A future in fuel cells

BASF venture capital, the investment arm of the German chemical giant, may not be the only firm pouring money into energy management, but it has been one of the more active. Dave Keating reports.

This week BASF Venture Capital announced an investment in another fuel cell company, based in California and focusing specifically on portable devices.

Ultracell Corporation develops and manufactures micro fuel cell systems for portable devices like satellite phones, radios and laptop computers. The company has raised $10.4 million in its series C financing round, of which BASF Venture Capital provided $3 million. Founded in 2002, its fuel cell system uses a new micro reformed methanol system that can yield twice the power of lithium batteries of the same size. For example, a laptop powered by an UltraCell fuel cell can run two to three times longer than a laptop powered by a conventional battery.

UltraCell’s 40-oz methanol fuel cell for notebooks

The investment is consistent with BASF Venture’s pointed strategy of going after energy management. According to BASF Venture CTO Josef Wünsch, the firm is looking for investments in the same five growth clusters that its parent company, BASF Future Business GmbH, is developing new technologies in. Based in Ludwigshafen, Germany, BASF Future Business is the world’s largest chemical company and has a portfolio including chemicals, plastics, performance products, crude oil, natural gas and fine chemicals.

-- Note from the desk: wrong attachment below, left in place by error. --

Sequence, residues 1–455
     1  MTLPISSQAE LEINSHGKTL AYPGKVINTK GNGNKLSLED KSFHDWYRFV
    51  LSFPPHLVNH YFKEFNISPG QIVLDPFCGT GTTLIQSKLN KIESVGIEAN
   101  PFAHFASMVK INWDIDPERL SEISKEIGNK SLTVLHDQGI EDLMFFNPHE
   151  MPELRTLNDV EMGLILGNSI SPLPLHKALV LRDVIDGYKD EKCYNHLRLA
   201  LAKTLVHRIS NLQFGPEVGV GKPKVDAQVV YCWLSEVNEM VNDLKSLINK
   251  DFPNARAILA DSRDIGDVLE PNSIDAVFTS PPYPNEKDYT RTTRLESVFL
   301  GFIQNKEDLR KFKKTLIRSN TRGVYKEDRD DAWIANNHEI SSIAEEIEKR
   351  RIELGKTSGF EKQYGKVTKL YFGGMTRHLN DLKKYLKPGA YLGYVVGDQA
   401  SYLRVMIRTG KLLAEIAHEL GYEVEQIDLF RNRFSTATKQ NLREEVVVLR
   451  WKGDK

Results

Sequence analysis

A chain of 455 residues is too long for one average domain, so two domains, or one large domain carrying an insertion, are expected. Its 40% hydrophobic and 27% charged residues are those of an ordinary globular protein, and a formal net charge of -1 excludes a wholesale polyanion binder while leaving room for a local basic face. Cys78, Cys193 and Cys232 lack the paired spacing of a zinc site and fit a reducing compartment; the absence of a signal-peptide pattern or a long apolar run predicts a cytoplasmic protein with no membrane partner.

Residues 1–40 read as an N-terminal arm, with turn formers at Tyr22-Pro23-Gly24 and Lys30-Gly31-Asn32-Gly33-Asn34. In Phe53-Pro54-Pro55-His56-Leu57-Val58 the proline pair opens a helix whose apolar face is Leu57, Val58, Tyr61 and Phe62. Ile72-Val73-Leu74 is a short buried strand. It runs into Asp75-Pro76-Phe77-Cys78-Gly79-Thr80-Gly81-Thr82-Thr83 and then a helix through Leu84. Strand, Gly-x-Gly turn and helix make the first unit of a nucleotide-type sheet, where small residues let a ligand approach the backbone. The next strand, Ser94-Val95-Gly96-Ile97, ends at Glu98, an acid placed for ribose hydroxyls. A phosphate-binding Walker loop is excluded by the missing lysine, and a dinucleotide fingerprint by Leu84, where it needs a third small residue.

Energy storage and conversion is just one of the five areas the company has identified for development. The others are raw material change, nanotechnology, white (industrial) biotechnology and plant biotechnology. A total of about €850 million has been earmarked for these research activities for the period between 2006 and 2008. €90 million of that will be spent on energy management.

Wünsch says both BASF and the BASF Venture portfolio companies can benefit from a relationship where technology and knowledge is shared.

“We can bring in some tremendous value,” he says. “BASF can provide technology expertise, or joint development agreements. BASF would be interested in exclusivity agreements, with work on a certain topic, for instance.”

However Wünsch is quick to add that the BASF ventures still remain independent of the larger company.

“We do not share confidential items of the company with our colleagues in BASF,” he says. “We try to protect our investment.”

Fuel cells have been a hot topic among investors lately, with the global market expected to grow from €1 billion in 2010 to €21.5 billion in 2020 according to Keith Gillard, principal at BASG Venture Capital America. BASF Future Business recently acquired Frankfurt-based PEMEAS – a local supplier of fuel cell components. Ultracell is a major customer of PEMEAS.